How I Became an Artist in My Sixties

A longtime journalist pursues visual art later in life and discovers a rich community of New Jersey creatives.

Illustration of three artists holding up an artist who's sprawled out on a cobalt-blue tube of paint and holding a book titled "History of Art"

Illustration: Debbie Galant

Six years ago, on my 62nd birthday, we were having friends over for brunch when my friend Noel, a recently retired physician, pulled out his phone and started showing photos of his new oil paintings. I’d had no idea he was painting, let alone doing it so well. We were all oohing and aahing when my son turned to me and said, “Mom, I’ve never seen you look so jealous in my entire life.”

Rarely does life give you such clear signals. For many decades, I’d been a writer. But after that birthday, I turned to art and began to see the world in such a different way, I barely understood it myself.

Noel was my first art friend. He cheered me on, introduced me to titanium buff and Payne’s grey and praised my work. (One thing artists and writers have in common: Praise is our oxygen.) But the most important thing he shared was his art friends. When he invited me into his critique group, I met the people who would become my lion, scarecrow, woodman and Glinda as I navigated a new beginning I was, arguably, too old for.

Of course, over the years, I’d developed a nice cadre of writing buddies. I clearly remember going to a reading in 2003 at Watchung Booksellers in Montclair, the epicenter of writing life in this neck of the woods, and discovering that someone I knew, if only slightly, had written and published a novel. Though I’d been a journalist for years, fiction—my true love—felt unattainable. Suddenly, I was walking through the looking glass and beginning to flex my literary imagination.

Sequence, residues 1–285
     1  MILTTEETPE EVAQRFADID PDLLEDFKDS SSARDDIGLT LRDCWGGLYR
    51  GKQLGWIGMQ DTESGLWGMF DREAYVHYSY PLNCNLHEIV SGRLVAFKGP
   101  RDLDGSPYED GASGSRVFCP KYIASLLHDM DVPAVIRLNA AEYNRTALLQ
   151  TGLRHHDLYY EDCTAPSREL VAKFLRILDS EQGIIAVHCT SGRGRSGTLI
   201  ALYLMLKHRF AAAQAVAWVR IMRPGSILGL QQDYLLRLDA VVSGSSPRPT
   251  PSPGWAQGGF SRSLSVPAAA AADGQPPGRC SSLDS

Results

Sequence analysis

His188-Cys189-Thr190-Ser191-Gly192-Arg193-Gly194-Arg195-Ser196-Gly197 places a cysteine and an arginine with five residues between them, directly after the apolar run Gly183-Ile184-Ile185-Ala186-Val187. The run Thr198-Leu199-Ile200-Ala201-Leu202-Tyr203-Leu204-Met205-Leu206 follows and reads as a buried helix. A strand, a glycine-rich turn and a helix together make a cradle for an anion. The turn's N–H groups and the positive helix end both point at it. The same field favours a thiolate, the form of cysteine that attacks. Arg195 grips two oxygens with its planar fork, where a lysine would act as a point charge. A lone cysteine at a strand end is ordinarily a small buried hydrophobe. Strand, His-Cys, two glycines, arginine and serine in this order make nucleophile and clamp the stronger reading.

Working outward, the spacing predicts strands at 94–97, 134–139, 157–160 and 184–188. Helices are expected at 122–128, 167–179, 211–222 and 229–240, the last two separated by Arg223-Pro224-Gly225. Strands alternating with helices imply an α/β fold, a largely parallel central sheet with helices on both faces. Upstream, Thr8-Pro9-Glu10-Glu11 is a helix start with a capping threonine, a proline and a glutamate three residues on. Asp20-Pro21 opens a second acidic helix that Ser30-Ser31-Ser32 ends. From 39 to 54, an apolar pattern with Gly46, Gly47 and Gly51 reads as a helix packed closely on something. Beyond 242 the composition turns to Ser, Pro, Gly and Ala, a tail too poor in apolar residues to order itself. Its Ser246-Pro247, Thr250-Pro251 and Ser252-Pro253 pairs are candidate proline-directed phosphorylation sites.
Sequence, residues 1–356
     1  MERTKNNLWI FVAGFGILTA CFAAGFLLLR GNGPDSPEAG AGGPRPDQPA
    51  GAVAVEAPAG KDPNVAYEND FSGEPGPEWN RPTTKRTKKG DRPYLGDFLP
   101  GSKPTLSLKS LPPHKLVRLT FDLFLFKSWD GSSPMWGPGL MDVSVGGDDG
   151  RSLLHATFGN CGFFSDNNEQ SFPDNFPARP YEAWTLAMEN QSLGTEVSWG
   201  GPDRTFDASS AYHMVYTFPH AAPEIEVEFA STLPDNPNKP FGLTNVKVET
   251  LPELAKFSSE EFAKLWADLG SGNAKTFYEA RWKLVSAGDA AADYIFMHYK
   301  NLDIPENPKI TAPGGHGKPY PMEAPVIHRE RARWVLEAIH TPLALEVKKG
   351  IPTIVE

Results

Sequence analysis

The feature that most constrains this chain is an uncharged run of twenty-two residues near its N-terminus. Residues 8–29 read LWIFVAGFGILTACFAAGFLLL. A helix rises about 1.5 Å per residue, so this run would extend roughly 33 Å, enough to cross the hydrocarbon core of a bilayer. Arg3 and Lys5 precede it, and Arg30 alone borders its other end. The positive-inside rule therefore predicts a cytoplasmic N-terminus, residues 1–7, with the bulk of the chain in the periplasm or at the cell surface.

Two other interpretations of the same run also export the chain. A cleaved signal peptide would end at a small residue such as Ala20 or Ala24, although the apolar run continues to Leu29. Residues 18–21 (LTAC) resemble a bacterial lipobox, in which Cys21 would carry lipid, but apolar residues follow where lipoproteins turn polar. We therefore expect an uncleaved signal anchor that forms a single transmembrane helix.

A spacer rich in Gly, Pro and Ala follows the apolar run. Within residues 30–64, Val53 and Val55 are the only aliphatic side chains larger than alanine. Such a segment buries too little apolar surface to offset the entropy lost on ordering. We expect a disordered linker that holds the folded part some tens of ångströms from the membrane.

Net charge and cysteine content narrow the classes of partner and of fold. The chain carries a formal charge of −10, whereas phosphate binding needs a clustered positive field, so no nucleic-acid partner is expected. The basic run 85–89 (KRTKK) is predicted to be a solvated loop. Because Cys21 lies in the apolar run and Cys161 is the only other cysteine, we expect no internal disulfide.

But I’ve discovered these past six years that New Jersey is brimming with visual artists, too. My art friends have now begun to outnumber my writer friends. I’ve met them in classes, on urban sketching expeditions, and, mostly, through my critique group.

The biggest art event in my local universe is the annual Open Studios at Manufacturers Village in Orange. Originally built as a factory in the 1880s, Manufacturers Village is a jumble of brick walls and iron catwalks that provides studio space for 55 artists. Every October, thousands of visitors descend on the complex to see the paint-splattered spaces where art is made and to buy directly from the people who make it.

I’d been going to the event for years, but after becoming an artist, it was a different experience. I began to know a few people exhibiting. Then came more connections.

During the pandemic, an art friend was looking for a studio. When I heard that another artist friend needed to relinquish hers, I matched them up. Another year, I met an artist whose eyes went wide when I mentioned that I belonged to a critique group. She joined, we became friends, and this winter, she helped me get a show with a respected New Jersey gallery.

And this past year at Manufacturers Village, I could barely walk 10 feet without running into someone I knew. I didn’t get to see all the art I wanted to, or to buy something I really loved, but I discovered something even better: I belonged.

Debbie Galant has an art studio in Clifton and welcomes visitors.

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